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Khaled Hosseini’s personal heritage and experiences strongly influenced his decision to write The Kite Runner, which was his first novel, and the views of both Afghanistan and the United States that he presents in the novel. As noted on his personal website, both his parents were born and raised in Afghanistan and were highly educated. He was born in Kabul and lived there until he was eleven years old. One significant impact was that, after the family had lived in Paris for four years, they were unable to return to Afghanistan because of the 1990 Soviet invasion. Instead of returning, they were granted political asylum and settled in the United States—in California, as did Amir and his father. Hosseini actually graduated from medical school; he had been a medical doctor for two decades when the book was published. While writing the novel, he could not travel to his home country, so his perspective was strongly influenced by the impressions formed in his childhood as well as his relatives’ and fellow Afghans’ views.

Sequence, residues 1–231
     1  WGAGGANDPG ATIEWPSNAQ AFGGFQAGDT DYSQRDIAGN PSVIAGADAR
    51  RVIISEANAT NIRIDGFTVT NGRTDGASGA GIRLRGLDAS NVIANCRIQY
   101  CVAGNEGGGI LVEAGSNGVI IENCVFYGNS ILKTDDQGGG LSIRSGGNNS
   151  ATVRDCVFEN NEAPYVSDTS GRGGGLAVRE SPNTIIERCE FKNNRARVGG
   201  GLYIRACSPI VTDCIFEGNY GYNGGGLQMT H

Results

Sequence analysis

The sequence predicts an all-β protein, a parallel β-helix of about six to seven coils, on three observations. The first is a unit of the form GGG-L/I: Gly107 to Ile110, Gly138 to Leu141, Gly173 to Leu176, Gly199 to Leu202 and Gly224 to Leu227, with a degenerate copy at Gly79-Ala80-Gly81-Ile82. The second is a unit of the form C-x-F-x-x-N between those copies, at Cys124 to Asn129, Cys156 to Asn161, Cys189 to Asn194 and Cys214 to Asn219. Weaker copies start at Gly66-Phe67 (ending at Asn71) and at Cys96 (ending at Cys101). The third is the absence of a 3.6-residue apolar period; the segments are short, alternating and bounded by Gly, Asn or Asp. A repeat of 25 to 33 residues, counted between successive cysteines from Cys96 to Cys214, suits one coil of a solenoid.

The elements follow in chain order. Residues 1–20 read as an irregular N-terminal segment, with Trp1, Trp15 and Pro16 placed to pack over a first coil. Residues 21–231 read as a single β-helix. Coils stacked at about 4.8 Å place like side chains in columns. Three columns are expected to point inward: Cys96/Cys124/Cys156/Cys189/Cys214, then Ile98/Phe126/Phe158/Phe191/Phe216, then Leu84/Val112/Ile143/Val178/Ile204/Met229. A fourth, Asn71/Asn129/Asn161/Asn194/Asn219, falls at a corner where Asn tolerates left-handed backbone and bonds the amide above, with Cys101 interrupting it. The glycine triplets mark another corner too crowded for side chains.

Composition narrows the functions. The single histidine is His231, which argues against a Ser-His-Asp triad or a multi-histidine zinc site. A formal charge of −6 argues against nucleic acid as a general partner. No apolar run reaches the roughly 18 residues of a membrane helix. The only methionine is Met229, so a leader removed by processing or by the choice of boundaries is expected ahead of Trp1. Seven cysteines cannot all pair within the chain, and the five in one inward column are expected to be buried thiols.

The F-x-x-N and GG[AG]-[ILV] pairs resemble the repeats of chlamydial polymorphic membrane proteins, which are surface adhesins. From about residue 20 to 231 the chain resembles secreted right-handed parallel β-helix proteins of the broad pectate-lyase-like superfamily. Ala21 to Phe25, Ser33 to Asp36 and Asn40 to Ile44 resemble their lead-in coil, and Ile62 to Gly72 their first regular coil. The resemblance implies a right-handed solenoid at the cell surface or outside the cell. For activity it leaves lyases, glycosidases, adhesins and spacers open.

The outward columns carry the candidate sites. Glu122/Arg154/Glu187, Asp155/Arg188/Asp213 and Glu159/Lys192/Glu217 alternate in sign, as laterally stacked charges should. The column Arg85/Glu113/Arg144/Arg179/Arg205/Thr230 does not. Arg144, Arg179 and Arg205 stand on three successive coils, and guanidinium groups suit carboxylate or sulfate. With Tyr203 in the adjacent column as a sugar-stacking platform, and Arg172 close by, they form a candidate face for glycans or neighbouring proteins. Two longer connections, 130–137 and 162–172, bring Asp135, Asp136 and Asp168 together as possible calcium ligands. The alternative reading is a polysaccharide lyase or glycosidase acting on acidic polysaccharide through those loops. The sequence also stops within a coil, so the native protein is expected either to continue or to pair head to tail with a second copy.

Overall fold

In interviews he has given, such as with Goodreads in 2013 (quoted here), Hosseini has stated that his writing about Afghanistan in the 1990s under the Taliban and afterward
is made of a composite of vignettes and stories that I've heard from Afghanistan during that era, either from Afghans in exile who came from there[.]
With his first return visit in 2003, living most of his life in the United States has strongly influenced his ability to feel at home in Afghanistan.
And walking on the streets down there, I look like those people and I know their language, I can speak with them, but there's no question that I'm an outsider. I feel it and they smell it on me immediately, because I don't have the whiff of all those experiences that they've had.